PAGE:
The nation’s biggest multiple listing service is one of at least three big MLSs that have the technical capability to accept listings from a hush-hush project to build a national listing database that’s backed by The Realty Alliance, a network of some of the biggest names in real estate brokerage.
So says Bob Bemis, who left his position as CEO of the Arizona Regional MLS in 2012 to help Zillow secure listing feeds from MLSs before calling it quits last year after many MLSs proved unwilling to work with portals like Zillow.
Bemis says MLSs face extinction if they don’t overcome roadblocks to consolidation, allow members to choose from multiple front ends and apps, and adopt rules and data standards that would allow better coordination with neighbors and remove roadblocks to consolidation.
And it’s not just Bemis saying that. At a recent industry conference, he says, HomeServices of America President and COO Bob Moline argued for massive MLS consolidation. Just a dozen regional systems nationwide would be a good step to a national MLS, Moline reportedly said, which would help MLSs and Realtor associations update old technology.
Moline sits on the board of directors of The Realty Alliance, a broker network that’s working on a project that’s been dubbed “Upstream” because its goal is to allow brokers to “take control control of the listing creation, management and distribution processes at the point of origination (contract execution by seller and broker) rather than ceding such functions to the local MLS,” Bemis writes.
Bemis writes on his blog, Procuring Cause, that “multiple sources” have confirmed to him that a request for proposal (RFP) for The Realty Alliance technology solution “has been distributed, and that as many as eight to 12 responses have been received and are being reviewed.”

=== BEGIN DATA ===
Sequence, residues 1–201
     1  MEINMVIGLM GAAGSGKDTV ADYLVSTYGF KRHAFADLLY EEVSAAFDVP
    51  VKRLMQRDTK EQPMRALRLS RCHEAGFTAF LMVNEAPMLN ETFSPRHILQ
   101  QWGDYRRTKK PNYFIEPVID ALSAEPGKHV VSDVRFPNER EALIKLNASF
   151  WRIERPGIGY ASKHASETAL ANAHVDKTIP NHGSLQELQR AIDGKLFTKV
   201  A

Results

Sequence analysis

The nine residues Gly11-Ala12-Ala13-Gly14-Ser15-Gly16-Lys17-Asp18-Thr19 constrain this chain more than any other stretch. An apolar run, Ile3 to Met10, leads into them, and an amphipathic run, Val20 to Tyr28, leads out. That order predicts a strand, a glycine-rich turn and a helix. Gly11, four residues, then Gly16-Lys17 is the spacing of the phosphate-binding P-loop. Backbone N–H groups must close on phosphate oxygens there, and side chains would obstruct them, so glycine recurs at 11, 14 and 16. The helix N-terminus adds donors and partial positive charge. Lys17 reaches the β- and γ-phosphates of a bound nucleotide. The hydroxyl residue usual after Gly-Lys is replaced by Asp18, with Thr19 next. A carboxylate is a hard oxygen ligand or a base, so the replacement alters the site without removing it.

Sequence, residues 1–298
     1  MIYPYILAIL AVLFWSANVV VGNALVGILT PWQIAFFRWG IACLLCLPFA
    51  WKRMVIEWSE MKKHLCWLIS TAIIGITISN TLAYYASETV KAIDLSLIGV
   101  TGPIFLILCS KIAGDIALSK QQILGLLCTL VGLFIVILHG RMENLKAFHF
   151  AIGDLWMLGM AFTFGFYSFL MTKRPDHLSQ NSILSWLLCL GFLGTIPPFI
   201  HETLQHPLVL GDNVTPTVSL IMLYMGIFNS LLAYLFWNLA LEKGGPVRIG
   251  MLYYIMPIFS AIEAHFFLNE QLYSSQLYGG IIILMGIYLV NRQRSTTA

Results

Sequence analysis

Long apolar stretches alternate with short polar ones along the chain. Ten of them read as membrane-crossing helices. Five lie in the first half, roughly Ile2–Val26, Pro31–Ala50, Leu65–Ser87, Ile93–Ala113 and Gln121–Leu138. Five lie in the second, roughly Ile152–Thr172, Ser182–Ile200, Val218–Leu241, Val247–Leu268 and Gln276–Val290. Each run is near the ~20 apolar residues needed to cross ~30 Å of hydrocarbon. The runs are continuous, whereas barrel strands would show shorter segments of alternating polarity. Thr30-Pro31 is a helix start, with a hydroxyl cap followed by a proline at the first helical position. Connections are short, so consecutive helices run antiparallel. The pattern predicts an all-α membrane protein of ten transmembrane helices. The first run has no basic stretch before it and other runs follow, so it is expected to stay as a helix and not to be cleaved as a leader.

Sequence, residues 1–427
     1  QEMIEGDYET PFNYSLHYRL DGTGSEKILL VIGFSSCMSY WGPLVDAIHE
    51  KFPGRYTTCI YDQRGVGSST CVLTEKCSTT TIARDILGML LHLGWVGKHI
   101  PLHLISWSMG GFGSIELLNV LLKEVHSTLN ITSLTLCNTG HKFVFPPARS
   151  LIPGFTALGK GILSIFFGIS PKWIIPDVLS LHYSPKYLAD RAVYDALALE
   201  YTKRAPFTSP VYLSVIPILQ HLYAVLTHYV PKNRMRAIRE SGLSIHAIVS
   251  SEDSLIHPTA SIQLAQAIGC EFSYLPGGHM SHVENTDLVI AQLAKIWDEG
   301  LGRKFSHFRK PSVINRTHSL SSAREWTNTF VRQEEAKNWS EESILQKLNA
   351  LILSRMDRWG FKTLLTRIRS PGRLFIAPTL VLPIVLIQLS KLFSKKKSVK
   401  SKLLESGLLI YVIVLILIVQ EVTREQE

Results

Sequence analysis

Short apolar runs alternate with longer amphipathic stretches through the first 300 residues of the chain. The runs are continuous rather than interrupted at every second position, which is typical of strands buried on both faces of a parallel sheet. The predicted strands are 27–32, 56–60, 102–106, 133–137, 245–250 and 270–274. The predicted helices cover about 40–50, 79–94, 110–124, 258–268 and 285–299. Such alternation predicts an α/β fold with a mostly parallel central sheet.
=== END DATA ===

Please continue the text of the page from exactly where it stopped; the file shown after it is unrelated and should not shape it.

“Expectations are running high that we will know details before this summer,” perhaps as early as the National Association of Realtors’ midyear meeting in May.
The nation’s biggest MLS — California Regional MLS — recently adopted technology that would allow it to receive listings from The Realty Alliance’s project Upstream, Bemis says: a “little known and seldom used portion” of an industry data standard, the Real Estate Transaction Standard (RETS), called the “RETS update transaction.”
RETS is designed to let MLSs send listing content out to anyone who needs it, including member brokers and vendors, in a standard format and structure. RETS update transaction also allows data to flow the other way, from brokers into the MLS.
California Regional MLS CEO Art Carter has essentially said to The Realty Alliance, “When you’re ready with Upstream, we will be ready to receive your listings,” Bemis writes.
“There’s nothing like getting cooperation from the largest MLS in the country to inspire [The Realty Alliance] to vigorously pursue development of a new way of doing business,” Bemis conludes.
Atlanta-based FMLS and St. Paul, Minn.-based NorthstarMLS have also adopted RETS update transaction, Bemis says.